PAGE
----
In this issue of Blood, Malinge et al1 describe new reciprocal interactions between Ikaros, Notch, and GATA transcription factors during megakaryocyte development. Ikaros represses megakaryocytic genes and selected Notch targets, while being turned off by GATA1 upon terminal differentiation.
Both Ikaros and Notch proteins were first identified for their essential functions in lymphocyte development as well as for their dysregulation in lymphoid malignancies. The Krüppel-type zinc finger transcription factor Ikaros (encoded by IKZF1) regulates expression of multiple genes critical for the development of lymphoid lineages. In mice, Ikaros loss-of-function is associated with the emergence of aggressive T-cell lymphoblastic leukemias. In humans, high-risk B-cell acute lymphoblastic leukemias harbor recurrent genomic deletions at the IKZF1 locus.2 In addition, emerging work suggests that Ikaros also functions in the myeloid, erythroid, and megakaryocytic lineages. For example, an Ikzf1-gfp reporter allele revealed a strong correlation between high Ikaros expression in hematopoietic progenitors and myeloid cell fate, while low Ikaros expression identified progenitors committed to megakaryocytic and erythroid differentiation.3 Moreover, Ikaros-deficient mice have thrombocytosis, suggesting that Ikaros can negatively regulate megakaryopoiesis.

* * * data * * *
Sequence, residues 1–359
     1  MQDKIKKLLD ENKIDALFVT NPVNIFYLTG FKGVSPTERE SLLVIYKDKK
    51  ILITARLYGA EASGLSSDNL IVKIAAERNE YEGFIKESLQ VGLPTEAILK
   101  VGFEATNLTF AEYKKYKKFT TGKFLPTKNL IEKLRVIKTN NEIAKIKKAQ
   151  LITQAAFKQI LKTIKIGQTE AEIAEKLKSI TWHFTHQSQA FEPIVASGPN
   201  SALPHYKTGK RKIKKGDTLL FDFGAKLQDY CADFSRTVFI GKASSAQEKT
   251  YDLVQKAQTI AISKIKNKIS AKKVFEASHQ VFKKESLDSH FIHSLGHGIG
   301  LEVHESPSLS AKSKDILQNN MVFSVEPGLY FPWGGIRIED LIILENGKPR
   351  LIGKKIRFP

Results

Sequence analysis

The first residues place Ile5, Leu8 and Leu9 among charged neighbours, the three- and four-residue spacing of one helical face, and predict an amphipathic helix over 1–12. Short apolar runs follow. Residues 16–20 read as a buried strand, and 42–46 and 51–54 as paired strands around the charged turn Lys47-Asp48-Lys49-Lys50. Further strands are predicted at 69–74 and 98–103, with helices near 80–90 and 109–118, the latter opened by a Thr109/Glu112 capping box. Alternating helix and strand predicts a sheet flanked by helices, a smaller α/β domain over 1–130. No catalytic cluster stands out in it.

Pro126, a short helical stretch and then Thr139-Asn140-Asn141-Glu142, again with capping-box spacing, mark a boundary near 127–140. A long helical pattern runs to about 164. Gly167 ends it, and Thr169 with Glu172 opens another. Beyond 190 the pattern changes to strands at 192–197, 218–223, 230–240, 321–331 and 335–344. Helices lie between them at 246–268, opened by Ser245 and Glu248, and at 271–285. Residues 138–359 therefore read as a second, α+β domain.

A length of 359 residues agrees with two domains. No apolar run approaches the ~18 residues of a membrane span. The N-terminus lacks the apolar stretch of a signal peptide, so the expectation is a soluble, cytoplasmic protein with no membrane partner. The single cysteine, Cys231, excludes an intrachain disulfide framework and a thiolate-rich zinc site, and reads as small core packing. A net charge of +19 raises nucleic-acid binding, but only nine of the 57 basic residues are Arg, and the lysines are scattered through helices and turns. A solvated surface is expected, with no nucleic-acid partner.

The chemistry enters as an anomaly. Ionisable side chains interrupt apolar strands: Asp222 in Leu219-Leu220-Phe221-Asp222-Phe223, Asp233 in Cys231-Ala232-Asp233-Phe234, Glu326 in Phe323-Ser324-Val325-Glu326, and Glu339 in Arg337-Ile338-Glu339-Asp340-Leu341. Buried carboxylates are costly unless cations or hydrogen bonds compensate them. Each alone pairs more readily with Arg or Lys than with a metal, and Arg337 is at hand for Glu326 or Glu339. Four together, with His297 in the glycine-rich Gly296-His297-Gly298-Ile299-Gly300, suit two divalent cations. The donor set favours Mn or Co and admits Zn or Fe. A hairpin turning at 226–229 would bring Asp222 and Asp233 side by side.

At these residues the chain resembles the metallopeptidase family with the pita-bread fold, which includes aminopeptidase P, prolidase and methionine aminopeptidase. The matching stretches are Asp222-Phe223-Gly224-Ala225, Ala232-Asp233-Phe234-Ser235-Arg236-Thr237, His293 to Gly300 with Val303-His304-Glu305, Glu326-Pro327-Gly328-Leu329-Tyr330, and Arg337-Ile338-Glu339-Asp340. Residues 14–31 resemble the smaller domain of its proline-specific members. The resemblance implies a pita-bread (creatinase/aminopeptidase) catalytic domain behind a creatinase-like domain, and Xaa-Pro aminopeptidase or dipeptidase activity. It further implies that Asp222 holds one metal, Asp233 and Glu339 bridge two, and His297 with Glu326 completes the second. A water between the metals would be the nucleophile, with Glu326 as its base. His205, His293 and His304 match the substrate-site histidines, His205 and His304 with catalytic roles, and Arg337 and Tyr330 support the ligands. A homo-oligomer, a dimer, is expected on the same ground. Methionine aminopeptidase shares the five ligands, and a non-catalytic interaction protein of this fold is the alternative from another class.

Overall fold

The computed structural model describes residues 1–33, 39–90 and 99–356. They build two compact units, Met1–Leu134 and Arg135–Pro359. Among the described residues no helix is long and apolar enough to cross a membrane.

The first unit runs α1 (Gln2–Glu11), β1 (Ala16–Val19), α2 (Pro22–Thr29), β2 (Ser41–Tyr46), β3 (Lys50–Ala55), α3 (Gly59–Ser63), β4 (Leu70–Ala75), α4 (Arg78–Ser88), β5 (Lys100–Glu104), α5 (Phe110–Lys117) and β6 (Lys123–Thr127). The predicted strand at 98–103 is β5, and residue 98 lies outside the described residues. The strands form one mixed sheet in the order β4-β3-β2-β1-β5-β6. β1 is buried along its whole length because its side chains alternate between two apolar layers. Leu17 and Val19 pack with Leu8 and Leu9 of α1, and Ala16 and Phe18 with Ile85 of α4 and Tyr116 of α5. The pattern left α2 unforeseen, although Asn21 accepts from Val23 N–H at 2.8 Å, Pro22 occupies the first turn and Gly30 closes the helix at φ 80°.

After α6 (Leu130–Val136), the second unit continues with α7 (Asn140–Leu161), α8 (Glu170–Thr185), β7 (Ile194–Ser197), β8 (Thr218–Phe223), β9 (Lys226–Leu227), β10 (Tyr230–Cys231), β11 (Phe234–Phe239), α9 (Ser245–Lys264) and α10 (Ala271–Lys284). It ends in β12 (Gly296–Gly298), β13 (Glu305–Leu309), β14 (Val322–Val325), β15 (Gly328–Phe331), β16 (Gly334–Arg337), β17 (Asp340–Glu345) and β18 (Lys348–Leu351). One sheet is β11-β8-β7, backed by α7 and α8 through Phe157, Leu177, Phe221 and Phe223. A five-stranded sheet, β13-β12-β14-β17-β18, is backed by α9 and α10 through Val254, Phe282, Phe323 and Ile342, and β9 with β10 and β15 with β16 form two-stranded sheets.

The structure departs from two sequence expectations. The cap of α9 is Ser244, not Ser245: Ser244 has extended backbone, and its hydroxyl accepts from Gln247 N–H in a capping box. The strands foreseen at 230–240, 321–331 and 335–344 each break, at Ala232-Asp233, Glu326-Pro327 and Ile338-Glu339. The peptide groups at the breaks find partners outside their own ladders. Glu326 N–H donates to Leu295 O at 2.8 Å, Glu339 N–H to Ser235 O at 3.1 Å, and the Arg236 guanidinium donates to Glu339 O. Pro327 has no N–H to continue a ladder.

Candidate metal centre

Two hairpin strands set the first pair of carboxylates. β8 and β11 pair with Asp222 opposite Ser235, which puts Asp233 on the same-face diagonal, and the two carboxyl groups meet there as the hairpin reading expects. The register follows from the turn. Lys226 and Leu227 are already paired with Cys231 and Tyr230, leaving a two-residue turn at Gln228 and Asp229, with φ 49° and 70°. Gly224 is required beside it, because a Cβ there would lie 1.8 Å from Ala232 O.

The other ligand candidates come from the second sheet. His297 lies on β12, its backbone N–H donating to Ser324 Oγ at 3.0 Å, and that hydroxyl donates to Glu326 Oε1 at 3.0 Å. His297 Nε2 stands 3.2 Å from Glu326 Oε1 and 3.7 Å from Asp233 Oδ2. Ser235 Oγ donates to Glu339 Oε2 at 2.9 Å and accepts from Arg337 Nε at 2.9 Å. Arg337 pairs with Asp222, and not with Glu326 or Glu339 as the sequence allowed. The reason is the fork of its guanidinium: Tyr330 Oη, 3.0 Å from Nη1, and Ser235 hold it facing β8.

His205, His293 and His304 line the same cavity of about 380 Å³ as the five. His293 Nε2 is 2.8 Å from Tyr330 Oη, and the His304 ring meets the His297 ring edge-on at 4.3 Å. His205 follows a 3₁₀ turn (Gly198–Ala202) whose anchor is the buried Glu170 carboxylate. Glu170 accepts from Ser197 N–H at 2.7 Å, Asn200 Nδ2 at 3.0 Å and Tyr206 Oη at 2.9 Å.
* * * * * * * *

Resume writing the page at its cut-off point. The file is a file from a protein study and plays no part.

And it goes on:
Notch signaling was first studied for its essential role in T-cell development. In addition, activating NOTCH1 mutations are present in a high proportion of T-cell acute lymphoblastic leukemias in mice and humans.4 In this context, Notch and Ikaros appear to have antagonistic functions. Expression of dominant-negative Ikaros isoforms lacking DNA binding can cooperate with Notch activation in T-cell leukemia.5 Ikaros may directly antagonize the effects of the Notch transcriptional activation complex at target gene loci. At least in mice, Ikaros can also repress transcription from internal Notch1 promoter elements that drive expression of truncated constitutively active Notch receptors.6,7 Interestingly, recent work indicates that Notch signaling also plays important functions in the myeloid and megakaryocytic lineages.8,9 These observations have set the stage to investigate whether Notch and Ikaros interact and exert new functions outside of lymphoid progenitors.